An Exegetical Analysis Of Hebrews 9:24-28 And Roman Catholic Eucharist Theology

          “For Christ did not enter a sanctuary made with human hands that was only a copy of the true one; he entered heaven itself, now to appear for us in God’s presence. Nor did he enter heaven to offer himself again and again, the way the high priest enters the Most Holy Place every year with blood that is not his own. Otherwise Christ would have had to suffer many times since the creation of the world. But he has appeared once for all at the culmination of the ages to do away with sin by the sacrifice of himself. Just as people are destined to die once, and after that to face judgment, so Christ was sacrificed once to take away the sins of many; and he will appear a second time, not to bear sin, but to bring salvation to those who are waiting for him.” (Hebrews 9:24-28)

          The sacrifice of the Mass is said to be a continuation of Jesus Christ’s work on the cross. In Roman Catholic theology, He is offered up as a sacrifice by priests throughout the world to make atonement for our sins. It is maintained that Christ’s sacrifice is perpetual as it exists beyond time. Roman Catholic Priest Bryan Babick says that, “The one Sacrifice of Christ is continually offered because its merits can continue to be experienced until He chooses to return in glory.”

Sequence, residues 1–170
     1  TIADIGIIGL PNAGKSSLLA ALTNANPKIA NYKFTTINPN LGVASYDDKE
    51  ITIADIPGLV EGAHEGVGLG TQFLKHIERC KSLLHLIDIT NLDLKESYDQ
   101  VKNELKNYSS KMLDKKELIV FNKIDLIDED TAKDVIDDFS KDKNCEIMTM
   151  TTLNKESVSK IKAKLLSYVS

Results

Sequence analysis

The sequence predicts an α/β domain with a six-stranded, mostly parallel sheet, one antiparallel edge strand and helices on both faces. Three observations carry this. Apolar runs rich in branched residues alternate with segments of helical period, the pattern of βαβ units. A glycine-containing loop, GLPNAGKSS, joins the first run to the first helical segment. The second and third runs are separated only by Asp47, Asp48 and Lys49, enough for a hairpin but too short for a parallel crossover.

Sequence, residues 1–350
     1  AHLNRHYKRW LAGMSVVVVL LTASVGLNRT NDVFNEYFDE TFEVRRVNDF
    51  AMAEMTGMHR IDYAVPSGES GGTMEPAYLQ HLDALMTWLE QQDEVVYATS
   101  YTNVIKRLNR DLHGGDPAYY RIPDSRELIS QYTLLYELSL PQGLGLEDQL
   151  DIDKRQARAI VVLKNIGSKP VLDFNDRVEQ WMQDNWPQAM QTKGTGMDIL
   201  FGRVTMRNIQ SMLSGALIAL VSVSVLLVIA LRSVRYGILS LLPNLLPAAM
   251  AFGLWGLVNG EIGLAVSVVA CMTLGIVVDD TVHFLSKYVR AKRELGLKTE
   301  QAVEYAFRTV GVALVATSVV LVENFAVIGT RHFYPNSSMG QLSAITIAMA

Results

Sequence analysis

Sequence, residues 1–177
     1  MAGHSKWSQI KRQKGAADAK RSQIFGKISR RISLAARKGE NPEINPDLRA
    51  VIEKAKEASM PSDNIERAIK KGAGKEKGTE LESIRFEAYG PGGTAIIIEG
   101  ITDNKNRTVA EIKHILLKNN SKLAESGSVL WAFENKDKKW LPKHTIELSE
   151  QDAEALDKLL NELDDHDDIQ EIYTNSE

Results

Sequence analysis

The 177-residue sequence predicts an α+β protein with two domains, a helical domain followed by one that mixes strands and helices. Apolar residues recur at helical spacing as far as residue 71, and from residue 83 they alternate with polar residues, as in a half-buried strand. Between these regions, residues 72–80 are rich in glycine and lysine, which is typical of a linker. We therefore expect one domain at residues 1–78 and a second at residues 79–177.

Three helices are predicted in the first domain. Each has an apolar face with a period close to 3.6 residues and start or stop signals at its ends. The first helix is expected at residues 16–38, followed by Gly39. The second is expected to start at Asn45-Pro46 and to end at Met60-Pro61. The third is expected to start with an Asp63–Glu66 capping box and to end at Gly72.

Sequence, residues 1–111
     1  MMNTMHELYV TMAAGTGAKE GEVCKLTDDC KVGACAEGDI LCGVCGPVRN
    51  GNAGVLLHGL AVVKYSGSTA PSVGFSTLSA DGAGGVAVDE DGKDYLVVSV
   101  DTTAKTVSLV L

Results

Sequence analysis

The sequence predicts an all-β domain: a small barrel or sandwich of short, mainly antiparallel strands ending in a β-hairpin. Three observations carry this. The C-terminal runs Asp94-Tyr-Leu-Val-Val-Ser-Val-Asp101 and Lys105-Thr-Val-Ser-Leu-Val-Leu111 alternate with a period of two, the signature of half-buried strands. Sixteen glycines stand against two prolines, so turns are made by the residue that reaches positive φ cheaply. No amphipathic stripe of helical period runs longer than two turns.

The first problem that this text presents for Roman Catholic eucharistic theology is that it says Christ entered into a sanctuary not made with human hands. Thus, He cannot be present in His human nature in the golden tabernacles of Roman Catholic churches. Christ has ascended into heaven.
          This passage speaks of Jesus Christ having completed His atonement sacrifice once in the last days. His sacrifice is not being performed again and again in the manner of the Old Testament priests who slaughtered animals. This context contains sharp contrasts.
         This passage speaks of Christ returning physically for a second time to administer judgement on mankind and restoring a righteous order. It does not speak of Him coming down during this age at the command of an ordained priest to be consumed by parishioners.
          The problem with Roman Catholic teaching is that Christ’s sacrifice is believed to be a one time event and occurring on a daily basis. The author of Hebrews does not present His atonement as occurring in that way, but Rome does. Christ’s sacrifice is not happening daily as did the sacrifices of the Old Covenant.






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